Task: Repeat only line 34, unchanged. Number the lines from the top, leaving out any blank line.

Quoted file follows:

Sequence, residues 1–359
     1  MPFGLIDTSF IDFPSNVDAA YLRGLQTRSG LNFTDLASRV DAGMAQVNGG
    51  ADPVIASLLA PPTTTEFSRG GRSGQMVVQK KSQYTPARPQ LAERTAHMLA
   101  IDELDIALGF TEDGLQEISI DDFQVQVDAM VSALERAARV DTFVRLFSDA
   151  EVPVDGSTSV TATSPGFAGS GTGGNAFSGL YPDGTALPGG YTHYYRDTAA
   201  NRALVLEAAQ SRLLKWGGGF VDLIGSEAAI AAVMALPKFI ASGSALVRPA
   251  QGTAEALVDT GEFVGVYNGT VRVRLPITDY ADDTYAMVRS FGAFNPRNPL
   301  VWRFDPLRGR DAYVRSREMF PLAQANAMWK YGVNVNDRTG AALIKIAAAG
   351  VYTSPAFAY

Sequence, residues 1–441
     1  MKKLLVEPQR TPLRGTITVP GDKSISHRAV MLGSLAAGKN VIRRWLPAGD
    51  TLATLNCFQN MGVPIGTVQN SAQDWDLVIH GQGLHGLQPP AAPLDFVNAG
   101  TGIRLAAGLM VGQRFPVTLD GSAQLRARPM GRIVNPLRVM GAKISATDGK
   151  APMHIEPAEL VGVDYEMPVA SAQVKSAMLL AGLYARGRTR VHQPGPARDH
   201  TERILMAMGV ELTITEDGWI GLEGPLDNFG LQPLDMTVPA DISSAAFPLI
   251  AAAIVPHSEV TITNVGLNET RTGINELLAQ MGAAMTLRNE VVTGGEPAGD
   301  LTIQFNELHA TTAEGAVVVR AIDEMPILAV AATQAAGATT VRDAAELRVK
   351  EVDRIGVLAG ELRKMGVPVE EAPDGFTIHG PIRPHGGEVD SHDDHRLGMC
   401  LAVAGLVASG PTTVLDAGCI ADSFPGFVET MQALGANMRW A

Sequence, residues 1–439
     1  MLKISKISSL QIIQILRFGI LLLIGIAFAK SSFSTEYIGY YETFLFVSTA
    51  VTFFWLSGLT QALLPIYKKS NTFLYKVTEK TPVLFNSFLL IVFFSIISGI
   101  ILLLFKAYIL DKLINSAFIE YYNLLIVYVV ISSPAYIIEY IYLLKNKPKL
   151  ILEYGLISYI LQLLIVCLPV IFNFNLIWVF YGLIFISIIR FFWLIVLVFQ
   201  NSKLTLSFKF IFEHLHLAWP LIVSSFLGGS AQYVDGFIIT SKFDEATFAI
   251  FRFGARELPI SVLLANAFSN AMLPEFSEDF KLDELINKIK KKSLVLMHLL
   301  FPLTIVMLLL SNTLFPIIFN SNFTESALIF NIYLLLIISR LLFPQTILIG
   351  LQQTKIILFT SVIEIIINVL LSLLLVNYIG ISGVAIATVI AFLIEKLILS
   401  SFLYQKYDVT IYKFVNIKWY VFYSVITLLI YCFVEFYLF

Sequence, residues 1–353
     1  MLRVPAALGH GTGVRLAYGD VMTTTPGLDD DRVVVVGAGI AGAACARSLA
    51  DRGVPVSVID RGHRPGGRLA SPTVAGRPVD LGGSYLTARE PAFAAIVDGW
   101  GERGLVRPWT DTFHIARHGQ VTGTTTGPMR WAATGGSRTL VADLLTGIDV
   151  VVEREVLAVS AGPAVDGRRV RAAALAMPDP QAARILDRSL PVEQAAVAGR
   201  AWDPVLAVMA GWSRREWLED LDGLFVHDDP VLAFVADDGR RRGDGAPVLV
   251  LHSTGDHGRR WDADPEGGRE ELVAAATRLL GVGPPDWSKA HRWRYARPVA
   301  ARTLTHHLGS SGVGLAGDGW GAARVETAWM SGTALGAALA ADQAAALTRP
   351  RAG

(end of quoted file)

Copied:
   151  VVEREVLAVS AGPAVDGRRV RAAALAMPDP QAARILDRSL PVEQAAVAGR